The issue of climate change
Climate change is the biggest challenge of our time. It will have diverse and unforeseen impacts, which include the destruction of entire ecosystems, and threatens the future of many living beings on the planet – human and non-human . The root causes of climate change are known: an economy based on fossil fuels and on the never-ending extraction of natural resources, and a way of living, especially in the Global North, that doesn’t respect planetary boundaries. Yet, as our experience with decades of international ecology and climate summits has shown, the necessary changes in our system are not to be expected from our leaders or from a majority of society. The dominant climate mitigation strategies and environmental programs work too slowly, don’t address the roots of the problems or even promote dangerous false solutions. Profit interests, competition, and comfort still prevent the most-needed deeper changes from being implemented. We cannot keep waiting, we need to act as civil society.
Aviation’s climate impact
Aviation is the most climate harming mode of transport. Aircraft emit various other substances in addition to CO2, leading to an overall climate impact of aviation that is at least double the effect of the emitted CO2 alone . While two decades ago flying was still something special, today in the Global North it has become normal to fly somewhere for just a weekend. Work relations are often built upon the existence of cheap flights and ever more trade of goods is being done by airplane. Aviation produces already a significant part of the world’s total greenhouse gas emissions, despite less than 10 per cent of the world’s population flying . This privileged mode of transport is at the expense of others: residents exposed to noise and particle pollution, local ecosystems, future generations and those in the Global South who are already bearing the brunt of the impacts of the climate crisis. This is a crisis which will only become worse, as the emissions from aviation are expected to quadruple until 2050  .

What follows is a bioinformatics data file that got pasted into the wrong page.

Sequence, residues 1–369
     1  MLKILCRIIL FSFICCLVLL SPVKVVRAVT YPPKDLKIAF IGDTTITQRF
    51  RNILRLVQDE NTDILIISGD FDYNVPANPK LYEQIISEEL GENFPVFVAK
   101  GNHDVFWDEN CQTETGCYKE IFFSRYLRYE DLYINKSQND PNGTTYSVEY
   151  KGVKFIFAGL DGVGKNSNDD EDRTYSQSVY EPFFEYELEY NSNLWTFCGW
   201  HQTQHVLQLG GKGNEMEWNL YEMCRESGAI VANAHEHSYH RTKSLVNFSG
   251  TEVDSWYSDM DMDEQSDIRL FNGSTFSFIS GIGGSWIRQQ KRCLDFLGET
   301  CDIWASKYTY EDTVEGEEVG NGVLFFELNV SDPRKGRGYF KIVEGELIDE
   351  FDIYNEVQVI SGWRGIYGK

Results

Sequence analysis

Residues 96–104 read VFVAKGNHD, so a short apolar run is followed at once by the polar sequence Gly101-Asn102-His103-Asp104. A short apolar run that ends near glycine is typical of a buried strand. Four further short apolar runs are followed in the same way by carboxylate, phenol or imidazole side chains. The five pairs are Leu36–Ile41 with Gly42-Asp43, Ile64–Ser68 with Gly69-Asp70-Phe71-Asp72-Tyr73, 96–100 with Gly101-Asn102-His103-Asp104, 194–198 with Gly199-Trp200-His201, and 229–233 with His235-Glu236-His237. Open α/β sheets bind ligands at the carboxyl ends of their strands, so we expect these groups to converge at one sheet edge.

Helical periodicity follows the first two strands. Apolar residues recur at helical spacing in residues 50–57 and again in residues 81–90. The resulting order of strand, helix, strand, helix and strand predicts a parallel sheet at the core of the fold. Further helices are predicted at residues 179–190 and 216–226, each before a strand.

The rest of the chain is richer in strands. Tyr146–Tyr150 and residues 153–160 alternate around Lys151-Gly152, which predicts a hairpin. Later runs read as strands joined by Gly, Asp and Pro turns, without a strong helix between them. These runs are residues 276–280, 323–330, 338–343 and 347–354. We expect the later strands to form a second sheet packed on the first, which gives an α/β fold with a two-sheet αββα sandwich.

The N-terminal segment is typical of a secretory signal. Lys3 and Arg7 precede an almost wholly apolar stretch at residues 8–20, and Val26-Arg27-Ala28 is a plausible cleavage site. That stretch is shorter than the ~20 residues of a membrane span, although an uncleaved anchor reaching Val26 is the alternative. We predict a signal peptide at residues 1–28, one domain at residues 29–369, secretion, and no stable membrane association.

The root causes of the problem
The root causes of aviation growth don’t lie in “bad” individual behaviour, but rather in the general growth imperative of our economic system, artificially low prices that don’t reflect the real cost of flying, the power of the aviation industry and its support from governments in the form of massive subsidies. For example, unlike car fuel or heating oil, kerosene is still not taxed. Simultaneously, in many regions, politics assault alternative sustainable modes of transport, e.g. European cross-border and night trains. Cheap prices and the lack of alternatives often lead people to take a flight even though they prefer the train.
The power of the industry
The aviation industry has a disproportionate influence on politics. International Aviation has, until now, wriggled its way out of the Paris Agreement. Instead the ICAO (International Civil Aviation Organisation) now decides upon aviation’s international climate targets. Inside the ICAO the industry is represented by the Industry High Level Group (IHLG), bringing together the heads of four industry organizations: ACI, CANSO, IATA and ICCAIA. Further, the Group on International Aviation Climate Change (GIACC) was established after COP 15 (UN Climate Conference in Copenhagen, December 2009) within ICAO. With this move ICAO had effectively taken responsibility for climate change issues away from its environment committee, to a group of experts meeting behind closed doors . The power of the industry lobby is as well visible at the national and regional levels. Also, aircraft manufacturers have much power, with Airbus and Boeing controlling almost the whole industry. They are closely linked to the oil and war industrial complex. Military equipment sales account for 20% of the turnover of Airbus and a full 50% of Boeing’s turnover .